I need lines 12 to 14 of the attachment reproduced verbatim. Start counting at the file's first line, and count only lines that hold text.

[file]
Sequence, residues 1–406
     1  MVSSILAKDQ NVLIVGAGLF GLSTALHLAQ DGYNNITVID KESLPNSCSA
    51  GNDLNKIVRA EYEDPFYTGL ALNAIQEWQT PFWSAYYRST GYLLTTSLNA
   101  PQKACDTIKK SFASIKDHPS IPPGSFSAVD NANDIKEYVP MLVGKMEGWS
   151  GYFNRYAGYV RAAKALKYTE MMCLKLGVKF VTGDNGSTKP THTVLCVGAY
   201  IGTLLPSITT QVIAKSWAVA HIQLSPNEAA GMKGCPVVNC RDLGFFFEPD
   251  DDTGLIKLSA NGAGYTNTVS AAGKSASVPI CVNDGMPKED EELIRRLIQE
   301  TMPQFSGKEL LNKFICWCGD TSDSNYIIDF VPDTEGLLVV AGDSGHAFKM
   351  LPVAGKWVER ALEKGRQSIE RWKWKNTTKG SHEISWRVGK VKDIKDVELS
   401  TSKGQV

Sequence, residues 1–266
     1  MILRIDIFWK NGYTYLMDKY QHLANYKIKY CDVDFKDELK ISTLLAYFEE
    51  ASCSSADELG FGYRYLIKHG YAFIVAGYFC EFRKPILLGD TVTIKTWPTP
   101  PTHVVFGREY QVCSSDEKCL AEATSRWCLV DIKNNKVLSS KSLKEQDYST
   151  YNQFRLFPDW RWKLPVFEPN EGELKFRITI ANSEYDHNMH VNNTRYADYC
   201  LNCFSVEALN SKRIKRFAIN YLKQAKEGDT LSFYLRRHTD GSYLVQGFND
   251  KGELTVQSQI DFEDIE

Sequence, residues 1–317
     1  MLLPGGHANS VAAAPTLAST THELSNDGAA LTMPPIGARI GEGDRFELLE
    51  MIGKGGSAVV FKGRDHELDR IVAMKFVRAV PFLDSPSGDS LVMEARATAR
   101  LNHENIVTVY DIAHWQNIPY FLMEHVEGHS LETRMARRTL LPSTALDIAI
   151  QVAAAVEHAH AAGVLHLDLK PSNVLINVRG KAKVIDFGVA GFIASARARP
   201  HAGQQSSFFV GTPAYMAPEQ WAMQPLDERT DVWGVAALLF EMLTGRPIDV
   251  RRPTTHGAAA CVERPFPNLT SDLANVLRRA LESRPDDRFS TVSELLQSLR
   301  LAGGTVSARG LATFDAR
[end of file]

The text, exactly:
     1  MILRIDIFWK NGYTYLMDKY QHLANYKIKY CDVDFKDELK ISTLLAYFEE
    51  ASCSSADELG FGYRYLIKHG YAFIVAGYFC EFRKPILLGD TVTIKTWPTP
   101  PTHVVFGREY QVCSSDEKCL AEATSRWCLV DIKNNKVLSS KSLKEQDYST